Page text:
Pose to Pose Animation is the more refined, planned version of an animation workflow. We'll go over how to set key poses first and then later how to position them over time. We'll also teach you tools for quickly setting keyframes on your character's controls, and which of Maya and Blender's tools are the most important for the job.
- [Narrator] The other side of Principle 4 is Pose-to-pose animation. Now this technique involves taking all of your planned poses and focusing on each one, one at a time, first, and then positioning all of your poses along the timeline. Let me show you. Now, before we begin, I like to use a little tool called Recall. It allows you to quickly select all of your controls, right away. So for example, if I just wanna select all of his top controls, I can just drag a little box and then go to New Selection.
And every time I select it, it'll turn white. Now don't worry if you see a little green thing. That means that's the most active element or the last thing you have selected. This becomes important for things like parent constraints. But you don't need to worry about it right now. Okay. So let's get to the nitty gritty of actually animating. I've made a couple of poses here. He's gonna squash down, stretch out and now he's gonna really, really stretch out. So, lets' focus on that.
Now while you're animating and trying to position this character, I want you to keep one thing in mind. Use as few controls as possible. How can you get the effect that you want with just a handful of controls. Now, I know there's tons in here and you wanna use all of them. But I have to stress using just a few because when you move on to the next part of the process, you're gonna spend a long time cleaning up each one. And if you only have a few to clean up, you'll speed up the entire workflow.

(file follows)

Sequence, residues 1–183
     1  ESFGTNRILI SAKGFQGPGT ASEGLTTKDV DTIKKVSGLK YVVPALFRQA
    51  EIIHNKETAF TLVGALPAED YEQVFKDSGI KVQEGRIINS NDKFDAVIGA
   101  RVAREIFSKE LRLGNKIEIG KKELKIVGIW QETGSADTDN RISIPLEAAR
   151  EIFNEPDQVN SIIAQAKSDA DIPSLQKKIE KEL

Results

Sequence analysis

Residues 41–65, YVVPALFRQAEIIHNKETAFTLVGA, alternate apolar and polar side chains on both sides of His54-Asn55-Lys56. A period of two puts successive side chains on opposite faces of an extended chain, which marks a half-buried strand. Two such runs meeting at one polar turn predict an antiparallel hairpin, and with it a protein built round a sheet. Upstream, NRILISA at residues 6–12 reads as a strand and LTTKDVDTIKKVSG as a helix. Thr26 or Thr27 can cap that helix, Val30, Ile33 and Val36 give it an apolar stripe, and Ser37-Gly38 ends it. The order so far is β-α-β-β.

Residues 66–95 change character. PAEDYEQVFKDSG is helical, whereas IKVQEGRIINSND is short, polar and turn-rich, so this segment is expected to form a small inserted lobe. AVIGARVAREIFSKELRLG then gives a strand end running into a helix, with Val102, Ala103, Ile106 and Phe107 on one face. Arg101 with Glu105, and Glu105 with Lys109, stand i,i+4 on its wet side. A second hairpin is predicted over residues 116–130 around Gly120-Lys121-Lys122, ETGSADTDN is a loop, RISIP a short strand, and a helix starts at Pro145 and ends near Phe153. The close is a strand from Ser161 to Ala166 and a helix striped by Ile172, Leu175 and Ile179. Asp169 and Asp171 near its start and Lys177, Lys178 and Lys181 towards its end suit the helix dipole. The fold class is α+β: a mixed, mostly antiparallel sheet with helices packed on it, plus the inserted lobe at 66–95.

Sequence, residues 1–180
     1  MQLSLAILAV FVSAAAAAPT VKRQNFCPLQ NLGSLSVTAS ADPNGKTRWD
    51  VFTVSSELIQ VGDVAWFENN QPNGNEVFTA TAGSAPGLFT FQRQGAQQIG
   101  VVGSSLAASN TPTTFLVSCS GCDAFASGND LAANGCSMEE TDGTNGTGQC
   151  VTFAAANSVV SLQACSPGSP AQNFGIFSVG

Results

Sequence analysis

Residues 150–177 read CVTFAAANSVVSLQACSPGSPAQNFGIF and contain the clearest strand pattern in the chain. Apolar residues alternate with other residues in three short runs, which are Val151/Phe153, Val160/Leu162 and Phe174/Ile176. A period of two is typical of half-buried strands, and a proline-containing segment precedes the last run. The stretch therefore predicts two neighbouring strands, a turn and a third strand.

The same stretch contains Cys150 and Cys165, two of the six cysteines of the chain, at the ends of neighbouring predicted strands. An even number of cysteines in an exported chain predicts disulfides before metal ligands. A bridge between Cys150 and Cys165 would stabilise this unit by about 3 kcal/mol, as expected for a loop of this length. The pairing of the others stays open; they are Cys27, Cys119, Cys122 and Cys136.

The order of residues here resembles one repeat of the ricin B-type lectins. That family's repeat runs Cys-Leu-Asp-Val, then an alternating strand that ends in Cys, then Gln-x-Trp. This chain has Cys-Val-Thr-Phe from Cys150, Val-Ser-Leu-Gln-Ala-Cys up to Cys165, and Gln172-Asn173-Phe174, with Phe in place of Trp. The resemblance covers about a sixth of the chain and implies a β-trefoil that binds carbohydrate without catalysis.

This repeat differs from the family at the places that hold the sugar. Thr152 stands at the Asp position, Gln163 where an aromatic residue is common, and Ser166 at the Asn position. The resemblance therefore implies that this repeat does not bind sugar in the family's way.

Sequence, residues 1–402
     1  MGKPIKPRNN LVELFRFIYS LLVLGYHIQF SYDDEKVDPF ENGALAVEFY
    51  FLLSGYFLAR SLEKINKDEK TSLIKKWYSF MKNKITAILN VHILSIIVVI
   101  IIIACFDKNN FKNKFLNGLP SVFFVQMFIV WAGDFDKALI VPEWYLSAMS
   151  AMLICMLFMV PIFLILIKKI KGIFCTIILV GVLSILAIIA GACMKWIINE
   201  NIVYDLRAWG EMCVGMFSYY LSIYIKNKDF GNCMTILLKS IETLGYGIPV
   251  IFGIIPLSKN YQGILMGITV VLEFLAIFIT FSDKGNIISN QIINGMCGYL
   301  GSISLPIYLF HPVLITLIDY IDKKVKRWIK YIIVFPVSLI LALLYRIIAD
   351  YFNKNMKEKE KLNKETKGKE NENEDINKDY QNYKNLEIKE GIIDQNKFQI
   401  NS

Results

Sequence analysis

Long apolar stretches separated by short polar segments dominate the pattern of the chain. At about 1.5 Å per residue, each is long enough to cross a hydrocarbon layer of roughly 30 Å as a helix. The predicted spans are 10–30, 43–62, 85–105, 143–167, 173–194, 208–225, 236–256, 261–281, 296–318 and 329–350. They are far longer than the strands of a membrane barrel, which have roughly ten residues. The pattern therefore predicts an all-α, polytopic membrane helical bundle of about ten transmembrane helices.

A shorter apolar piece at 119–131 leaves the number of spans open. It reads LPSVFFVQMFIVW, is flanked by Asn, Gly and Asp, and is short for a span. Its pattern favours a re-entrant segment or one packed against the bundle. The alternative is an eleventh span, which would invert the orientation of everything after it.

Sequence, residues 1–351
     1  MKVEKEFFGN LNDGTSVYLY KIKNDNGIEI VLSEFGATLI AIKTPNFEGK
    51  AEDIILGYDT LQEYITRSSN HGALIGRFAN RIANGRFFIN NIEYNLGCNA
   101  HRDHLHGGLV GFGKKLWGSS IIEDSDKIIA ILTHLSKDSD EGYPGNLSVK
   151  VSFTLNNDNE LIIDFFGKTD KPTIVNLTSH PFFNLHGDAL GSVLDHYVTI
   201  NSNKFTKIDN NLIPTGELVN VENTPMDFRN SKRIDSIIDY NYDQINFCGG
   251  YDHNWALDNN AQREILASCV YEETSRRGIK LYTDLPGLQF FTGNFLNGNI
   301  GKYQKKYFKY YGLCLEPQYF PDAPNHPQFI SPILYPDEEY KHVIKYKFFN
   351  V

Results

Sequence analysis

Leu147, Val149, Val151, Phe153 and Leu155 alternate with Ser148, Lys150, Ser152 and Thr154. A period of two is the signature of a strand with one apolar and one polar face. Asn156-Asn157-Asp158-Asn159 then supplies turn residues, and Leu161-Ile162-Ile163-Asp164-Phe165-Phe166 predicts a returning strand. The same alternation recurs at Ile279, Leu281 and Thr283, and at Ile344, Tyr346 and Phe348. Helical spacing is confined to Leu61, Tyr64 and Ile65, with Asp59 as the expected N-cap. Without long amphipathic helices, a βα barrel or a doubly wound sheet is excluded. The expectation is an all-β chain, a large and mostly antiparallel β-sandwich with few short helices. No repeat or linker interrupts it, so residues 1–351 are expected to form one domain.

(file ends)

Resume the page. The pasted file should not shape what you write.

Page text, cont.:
And don't forget, you can squash, you can stretch and do whatever you want with this character and make him look great. Now, in Blender you can do a lot of the same things in Maya. First of all, to select all of his controls, just hit A and then I. If you have a little menu pop up, like this, just make sure you select LocRotScale and you can also change it down here in the keen set, so that it's by default every time you hit I.
Now same like before, just go ahead and pose out our little guy. The Blender version of this rig actually has a larger main control that you can use to position everything. And just get him looking right. Just how you have him in your sketches. Okay, I think we're good for now. So now let's time out the entire character. But before we begin, remember what I said earlier, make sure everything has a KeyFrame on it, even if you haven't touched it.
You don't want any sliding feet or hands when you start moving all these things around. Now in Blender, to easily time everything, I recommend hitting A and then S and just drag him on the timeline. And play it and see how it feels. And if you think you need a little bit more time with something, drag it out. And if you think you need less time, drag it in. And play it again. Now, in Maya, you can do the exact same thing by using the timeline, down here.
Just highlight everything. You can drag out your keys and see what works. And of course, to test it, just do a quick play. I think he needs to jump up a little faster, so I'm gonna just drag these forward a little bit. Cool. Pose-to-pose animation seems long, methodical and meticulous. But don't worry. This will get you exactly what you want in your animation.
And though it takes a lot of work up front, it'll save you a tremendous amount of work at the end.
Animation has evolved tremendously in the last century, but some principles always stay the same. This foundation will serve you for a lifelong career.
- A history of character animation
- Squash and stretch
- Pose-to-pose animation
- Secondary action